Arms Around A Stranger
Two people couldn’t possibly make pop music that’s this rich and varied all by themselves. And the truth is, Acute, the Los Angeles duo of lead singer Isaac Lekach and drummer Patrick Edwards, did have help. Power-pop producer du jour Dave Trumfio, who’s worked with My Morning Jacket and Wilco, lent his studio expertise to Arms Around A Stranger, which also features the tasteful string arrangements of Jason Borger.
As it turns out, hiring the right people for the job is just one of Acute’s strengths. Another is crafting gorgeous, diverse melodies that burrow into your memory and make a home. Exquisite in every possible way, each song a blooming pop flower hiding thorny hooks, Arms Around A Stranger introduces you to the many sides of Acute in crunchy, fuzz-toned rockers (“Follow You Home,” “Take A Step Back” and the Cars-like “The City”), Burt Bacharach-meets-Gram Parsons laments (“Saint”), heartbreaking, baroque love songs (“Rush To It” and “When We’re Alone”) and vibrant piano pounders (“Trouble”).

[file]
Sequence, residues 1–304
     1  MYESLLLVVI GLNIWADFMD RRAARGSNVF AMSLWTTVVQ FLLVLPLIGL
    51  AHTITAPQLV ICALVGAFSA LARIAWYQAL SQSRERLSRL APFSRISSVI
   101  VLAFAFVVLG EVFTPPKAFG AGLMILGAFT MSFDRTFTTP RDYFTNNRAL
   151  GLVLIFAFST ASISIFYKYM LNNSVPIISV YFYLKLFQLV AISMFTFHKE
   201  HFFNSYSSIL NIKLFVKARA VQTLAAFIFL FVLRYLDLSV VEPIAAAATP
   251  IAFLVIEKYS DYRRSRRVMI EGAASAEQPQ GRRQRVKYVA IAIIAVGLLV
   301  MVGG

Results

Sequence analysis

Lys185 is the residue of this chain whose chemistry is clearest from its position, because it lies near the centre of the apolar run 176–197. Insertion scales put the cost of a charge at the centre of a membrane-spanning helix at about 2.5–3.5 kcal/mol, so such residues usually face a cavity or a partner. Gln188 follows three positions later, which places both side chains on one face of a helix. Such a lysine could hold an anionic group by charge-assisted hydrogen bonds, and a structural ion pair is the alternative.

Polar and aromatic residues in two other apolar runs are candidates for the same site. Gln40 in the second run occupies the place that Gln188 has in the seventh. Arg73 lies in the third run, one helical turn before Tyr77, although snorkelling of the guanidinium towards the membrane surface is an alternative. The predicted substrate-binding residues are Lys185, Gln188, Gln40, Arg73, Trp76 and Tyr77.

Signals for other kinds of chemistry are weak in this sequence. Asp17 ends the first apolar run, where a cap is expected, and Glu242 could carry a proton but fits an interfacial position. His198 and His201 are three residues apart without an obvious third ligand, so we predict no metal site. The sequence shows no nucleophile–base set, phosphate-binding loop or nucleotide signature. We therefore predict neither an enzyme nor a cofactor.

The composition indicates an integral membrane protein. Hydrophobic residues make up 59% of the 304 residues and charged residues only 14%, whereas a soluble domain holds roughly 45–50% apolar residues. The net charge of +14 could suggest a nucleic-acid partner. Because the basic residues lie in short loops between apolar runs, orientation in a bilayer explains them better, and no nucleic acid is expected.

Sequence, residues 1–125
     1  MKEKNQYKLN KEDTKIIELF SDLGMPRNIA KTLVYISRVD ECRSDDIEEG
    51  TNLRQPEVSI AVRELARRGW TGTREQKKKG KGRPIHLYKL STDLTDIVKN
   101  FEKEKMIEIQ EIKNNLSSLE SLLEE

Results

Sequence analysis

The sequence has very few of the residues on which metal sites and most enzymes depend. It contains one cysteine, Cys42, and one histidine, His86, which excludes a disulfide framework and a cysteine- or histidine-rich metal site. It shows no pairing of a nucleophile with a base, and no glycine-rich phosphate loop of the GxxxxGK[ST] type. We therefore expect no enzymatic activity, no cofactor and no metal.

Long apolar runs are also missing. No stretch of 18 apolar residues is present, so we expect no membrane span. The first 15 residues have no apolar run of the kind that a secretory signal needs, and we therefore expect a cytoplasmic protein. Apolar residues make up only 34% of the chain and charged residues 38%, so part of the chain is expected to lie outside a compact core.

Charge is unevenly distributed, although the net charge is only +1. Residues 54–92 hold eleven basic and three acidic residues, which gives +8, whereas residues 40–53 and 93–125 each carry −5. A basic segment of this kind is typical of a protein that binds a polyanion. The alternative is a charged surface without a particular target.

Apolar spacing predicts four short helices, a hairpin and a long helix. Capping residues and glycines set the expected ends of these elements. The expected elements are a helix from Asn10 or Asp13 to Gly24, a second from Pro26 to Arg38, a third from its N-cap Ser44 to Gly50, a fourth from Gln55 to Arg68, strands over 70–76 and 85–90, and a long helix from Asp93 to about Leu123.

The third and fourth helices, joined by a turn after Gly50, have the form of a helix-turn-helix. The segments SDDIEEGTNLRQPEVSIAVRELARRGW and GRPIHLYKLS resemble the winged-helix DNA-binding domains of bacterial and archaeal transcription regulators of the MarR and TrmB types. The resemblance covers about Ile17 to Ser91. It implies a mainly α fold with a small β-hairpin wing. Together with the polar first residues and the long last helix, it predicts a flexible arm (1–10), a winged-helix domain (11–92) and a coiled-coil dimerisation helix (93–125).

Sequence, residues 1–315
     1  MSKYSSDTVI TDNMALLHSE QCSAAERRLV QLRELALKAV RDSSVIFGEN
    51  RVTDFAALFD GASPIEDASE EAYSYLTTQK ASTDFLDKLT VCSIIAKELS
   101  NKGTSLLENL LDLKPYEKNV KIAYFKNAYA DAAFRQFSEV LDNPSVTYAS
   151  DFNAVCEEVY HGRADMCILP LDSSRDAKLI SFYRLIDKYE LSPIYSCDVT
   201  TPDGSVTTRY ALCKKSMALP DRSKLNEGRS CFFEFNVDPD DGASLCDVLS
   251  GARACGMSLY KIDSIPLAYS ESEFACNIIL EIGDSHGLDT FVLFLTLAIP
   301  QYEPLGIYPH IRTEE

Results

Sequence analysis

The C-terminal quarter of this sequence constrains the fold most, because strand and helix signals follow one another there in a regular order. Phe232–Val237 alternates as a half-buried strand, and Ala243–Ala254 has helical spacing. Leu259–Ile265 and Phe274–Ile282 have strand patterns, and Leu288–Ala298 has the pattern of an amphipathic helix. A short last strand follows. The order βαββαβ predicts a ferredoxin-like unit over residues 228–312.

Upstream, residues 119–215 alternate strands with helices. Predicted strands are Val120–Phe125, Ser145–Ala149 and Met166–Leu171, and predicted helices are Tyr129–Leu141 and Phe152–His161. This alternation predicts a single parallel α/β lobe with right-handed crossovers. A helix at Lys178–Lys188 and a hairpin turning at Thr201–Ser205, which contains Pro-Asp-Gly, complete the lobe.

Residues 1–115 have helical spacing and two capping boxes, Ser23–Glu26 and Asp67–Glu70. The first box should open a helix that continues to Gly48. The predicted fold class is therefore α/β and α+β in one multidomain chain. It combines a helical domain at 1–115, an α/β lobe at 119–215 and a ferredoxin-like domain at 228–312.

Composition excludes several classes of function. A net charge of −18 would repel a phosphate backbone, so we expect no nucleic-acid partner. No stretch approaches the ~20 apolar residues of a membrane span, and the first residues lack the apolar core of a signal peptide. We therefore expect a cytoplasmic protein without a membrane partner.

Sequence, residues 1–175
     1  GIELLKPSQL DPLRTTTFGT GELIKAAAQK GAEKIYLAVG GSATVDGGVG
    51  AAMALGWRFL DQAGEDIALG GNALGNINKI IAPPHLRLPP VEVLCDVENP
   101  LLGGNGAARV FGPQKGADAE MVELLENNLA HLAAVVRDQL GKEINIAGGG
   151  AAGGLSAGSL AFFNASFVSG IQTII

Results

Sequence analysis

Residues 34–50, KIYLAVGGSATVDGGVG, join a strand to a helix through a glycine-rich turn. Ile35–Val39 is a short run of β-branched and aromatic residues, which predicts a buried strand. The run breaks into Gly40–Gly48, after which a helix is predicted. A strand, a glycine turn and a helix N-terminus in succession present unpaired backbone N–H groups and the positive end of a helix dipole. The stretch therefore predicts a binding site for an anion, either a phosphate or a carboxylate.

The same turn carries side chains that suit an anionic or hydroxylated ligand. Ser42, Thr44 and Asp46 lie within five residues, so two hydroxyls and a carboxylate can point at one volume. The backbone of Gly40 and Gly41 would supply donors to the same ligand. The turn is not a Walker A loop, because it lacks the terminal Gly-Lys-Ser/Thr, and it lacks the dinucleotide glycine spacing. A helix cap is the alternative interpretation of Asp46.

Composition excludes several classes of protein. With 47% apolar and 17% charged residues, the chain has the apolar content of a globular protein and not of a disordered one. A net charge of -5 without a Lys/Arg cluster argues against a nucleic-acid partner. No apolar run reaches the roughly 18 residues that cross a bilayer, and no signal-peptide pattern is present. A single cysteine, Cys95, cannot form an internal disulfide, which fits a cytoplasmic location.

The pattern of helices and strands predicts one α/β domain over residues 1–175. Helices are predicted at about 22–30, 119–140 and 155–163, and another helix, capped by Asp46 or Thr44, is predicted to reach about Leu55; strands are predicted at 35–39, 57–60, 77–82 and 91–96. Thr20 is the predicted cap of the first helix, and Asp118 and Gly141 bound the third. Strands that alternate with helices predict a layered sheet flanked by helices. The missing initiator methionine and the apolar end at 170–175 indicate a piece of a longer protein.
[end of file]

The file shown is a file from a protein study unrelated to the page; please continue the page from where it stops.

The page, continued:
Each personality is fully realized and mature, and time spent with each provides moments that should be cherished, and not forgotten.
Alternately sunny and cloudy, cheery and ebullient, but also depressing and sad, Arms Around A Stranger avoids the preciousness that plagues many of its contemporaries. Acute nods to Grandaddy, the Beta Band, the Beach Boys and a host of other pop luminaries on Arms Around A Stranger, fleshing out its arrangements with pedal steel, piano, spiraling string arpeggios and lonely brass that marry melody and counter melody together in uniquely irresistible patterns.
Already, Acute is ahead of the curve.